By putting the kids first, we can value the contributions of both the mother and the father. And by joining in 50/50 co-parenting (before, during, and after divorce) we can give our kids the positive aspects of both parents.
Please consider this fact: dads and moms are equally important in a child's life. Yes, there are exceptions. And these days those exceptions cut both ways. So when you are considering divorce and thinking of "going for it" because having more time with your kids would feel good to you, please consider the kids over and above your own needs. Our kids need both of us.
I'm not perfect. I don't have the answer to this question of how to be happy all the time. But I am learning to see my emotions, my feelings, as something that are a part of me, but are not all of me. That's my meta-view.
For me, depression is a lot about getting afraid and then continuing to listen to the fear more than the present. I've used some mantras during my walks that have seemed to push me up the hills with more energy and joy. "Further, Stronger, Healthier, and Happier."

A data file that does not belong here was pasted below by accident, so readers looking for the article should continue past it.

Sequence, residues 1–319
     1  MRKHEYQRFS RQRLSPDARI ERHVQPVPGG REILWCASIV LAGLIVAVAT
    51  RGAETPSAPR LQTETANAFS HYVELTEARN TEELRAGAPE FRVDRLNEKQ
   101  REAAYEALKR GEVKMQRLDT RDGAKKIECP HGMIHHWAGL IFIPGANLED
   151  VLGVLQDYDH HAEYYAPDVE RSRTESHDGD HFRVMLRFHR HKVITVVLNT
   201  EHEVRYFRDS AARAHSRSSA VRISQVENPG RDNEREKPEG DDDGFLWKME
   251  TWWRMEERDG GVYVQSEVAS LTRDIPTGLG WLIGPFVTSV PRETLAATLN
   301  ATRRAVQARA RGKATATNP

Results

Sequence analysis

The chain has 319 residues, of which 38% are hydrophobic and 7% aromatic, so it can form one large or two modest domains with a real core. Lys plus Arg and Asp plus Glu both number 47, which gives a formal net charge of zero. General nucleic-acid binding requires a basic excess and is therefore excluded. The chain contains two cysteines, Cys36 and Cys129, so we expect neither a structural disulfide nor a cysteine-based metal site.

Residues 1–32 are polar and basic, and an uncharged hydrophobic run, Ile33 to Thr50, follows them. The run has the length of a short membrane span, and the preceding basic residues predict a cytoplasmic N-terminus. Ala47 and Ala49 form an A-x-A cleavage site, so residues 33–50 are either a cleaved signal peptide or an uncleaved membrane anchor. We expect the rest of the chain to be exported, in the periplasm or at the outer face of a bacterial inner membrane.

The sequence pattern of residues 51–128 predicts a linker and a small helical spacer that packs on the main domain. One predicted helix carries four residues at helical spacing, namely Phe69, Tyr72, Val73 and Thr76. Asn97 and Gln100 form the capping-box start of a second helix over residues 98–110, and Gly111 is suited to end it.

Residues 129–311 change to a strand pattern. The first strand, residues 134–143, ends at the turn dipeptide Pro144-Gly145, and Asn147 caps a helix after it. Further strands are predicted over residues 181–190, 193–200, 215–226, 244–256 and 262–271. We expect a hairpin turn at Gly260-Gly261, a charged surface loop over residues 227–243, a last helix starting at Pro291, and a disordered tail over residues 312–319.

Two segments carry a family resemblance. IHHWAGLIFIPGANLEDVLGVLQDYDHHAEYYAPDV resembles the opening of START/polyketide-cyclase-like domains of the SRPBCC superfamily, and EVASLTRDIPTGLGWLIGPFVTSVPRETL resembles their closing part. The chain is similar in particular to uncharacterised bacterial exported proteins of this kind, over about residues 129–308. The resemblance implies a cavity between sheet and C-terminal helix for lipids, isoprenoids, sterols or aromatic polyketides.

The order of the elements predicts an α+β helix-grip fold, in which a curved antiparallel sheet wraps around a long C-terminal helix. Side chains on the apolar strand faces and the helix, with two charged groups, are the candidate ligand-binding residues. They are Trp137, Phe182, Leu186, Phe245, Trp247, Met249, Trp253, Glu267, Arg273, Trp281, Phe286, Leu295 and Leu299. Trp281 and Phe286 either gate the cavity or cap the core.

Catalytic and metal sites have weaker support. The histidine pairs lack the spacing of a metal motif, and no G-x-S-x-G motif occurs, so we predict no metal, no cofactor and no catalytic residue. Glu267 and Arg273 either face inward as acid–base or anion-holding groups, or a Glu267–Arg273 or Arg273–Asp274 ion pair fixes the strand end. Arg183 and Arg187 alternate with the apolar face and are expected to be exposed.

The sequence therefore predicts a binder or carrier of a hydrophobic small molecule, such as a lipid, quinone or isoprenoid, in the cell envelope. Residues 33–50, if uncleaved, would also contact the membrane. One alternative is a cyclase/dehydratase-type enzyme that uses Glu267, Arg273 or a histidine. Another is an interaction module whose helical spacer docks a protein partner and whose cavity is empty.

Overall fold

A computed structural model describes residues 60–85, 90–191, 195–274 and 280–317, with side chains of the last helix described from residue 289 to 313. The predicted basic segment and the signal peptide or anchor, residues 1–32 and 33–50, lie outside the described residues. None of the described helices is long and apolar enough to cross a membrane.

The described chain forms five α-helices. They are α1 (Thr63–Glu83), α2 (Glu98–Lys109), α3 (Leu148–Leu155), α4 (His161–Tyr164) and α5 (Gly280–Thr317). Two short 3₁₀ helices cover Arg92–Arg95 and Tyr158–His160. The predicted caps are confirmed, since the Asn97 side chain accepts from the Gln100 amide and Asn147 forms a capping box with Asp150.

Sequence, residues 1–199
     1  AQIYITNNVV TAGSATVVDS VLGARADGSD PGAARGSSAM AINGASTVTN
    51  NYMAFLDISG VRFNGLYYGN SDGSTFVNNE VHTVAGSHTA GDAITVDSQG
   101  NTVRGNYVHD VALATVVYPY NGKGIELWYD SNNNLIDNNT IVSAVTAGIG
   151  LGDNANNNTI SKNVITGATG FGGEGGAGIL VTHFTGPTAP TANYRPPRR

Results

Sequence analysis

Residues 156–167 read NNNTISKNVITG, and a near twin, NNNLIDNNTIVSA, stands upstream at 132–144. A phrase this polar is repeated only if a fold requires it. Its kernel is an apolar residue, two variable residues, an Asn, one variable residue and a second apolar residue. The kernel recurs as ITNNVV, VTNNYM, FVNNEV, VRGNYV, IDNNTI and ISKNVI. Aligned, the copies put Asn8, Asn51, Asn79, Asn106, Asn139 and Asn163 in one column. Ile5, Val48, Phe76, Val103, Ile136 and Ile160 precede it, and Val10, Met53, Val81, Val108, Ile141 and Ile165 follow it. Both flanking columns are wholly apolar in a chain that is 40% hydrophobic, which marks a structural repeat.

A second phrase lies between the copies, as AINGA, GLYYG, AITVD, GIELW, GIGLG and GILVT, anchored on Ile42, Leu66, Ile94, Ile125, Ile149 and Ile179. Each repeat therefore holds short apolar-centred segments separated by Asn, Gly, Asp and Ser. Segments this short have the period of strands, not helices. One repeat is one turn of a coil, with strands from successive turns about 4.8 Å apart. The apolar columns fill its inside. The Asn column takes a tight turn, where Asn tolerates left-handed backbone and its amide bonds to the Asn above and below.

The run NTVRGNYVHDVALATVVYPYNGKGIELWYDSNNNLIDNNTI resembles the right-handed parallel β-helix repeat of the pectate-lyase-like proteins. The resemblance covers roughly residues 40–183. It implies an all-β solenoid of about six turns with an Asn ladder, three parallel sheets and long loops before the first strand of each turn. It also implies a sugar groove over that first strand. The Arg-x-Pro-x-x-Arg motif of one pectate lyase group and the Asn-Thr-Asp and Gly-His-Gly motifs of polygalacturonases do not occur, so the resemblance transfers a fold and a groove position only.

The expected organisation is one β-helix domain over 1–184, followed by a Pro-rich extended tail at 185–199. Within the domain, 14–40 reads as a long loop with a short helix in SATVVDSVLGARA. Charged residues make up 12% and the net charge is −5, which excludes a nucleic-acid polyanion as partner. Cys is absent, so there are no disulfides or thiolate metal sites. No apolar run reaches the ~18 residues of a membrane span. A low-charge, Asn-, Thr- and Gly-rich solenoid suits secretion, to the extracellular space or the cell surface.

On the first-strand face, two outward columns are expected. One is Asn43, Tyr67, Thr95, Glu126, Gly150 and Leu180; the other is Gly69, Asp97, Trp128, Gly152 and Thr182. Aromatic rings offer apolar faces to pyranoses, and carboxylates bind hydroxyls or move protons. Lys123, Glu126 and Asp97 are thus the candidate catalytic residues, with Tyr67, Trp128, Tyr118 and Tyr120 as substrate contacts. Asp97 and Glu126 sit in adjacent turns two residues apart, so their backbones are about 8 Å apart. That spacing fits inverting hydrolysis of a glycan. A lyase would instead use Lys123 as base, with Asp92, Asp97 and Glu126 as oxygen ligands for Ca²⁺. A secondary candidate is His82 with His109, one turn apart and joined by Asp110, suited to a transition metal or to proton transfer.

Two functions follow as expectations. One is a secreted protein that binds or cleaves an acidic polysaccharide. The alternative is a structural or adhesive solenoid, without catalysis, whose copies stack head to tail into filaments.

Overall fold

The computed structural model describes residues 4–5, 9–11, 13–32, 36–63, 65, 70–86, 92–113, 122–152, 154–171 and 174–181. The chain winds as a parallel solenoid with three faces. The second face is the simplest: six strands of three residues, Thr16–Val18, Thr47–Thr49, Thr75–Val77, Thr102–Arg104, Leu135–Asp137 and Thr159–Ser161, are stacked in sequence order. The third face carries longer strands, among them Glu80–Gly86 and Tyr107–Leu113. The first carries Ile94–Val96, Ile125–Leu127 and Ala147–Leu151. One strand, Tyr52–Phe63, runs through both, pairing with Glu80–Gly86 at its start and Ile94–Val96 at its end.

The moods roll in and out as if on tides. There is no controlling the bio-rhythm of our energy overall, it's really just how we respond to the varying levels of energy. And over the past several months a low-energy day was just passing through. Yesterday, the low-energy had the feeling of maybe sticking around for a bit. That got me a bit worried.
I have a bit of a mood problem. It seems that when my life gets really tough (bounced checks, trouble at work, arguments at home) I sometimes collapse into a depression. It's not often, but when it happens it surprises everyone around me with the change in my energy, demeanor, and general outlook on life.
I'm coming out of my illness and beginning to feel my hopefulness again. But I'm not able to climb a quarter-mile hill right out of the gate, my first five minutes on a bike. It takes some time to build up to that. My friend who sold me his used bike said, "Start out in the flats, build up to it."
I'm watching my kids grow up from a distance, and it's painful. Sure, I have the standard possession order, the simple divorce equation for 80% of dads. But we're getting the raw end of the deal. Actually, divorce is the rawest end of the deal, but once that's determined, the only thing you can do is hope for maximizing your time with your kids. Still, it's not enough.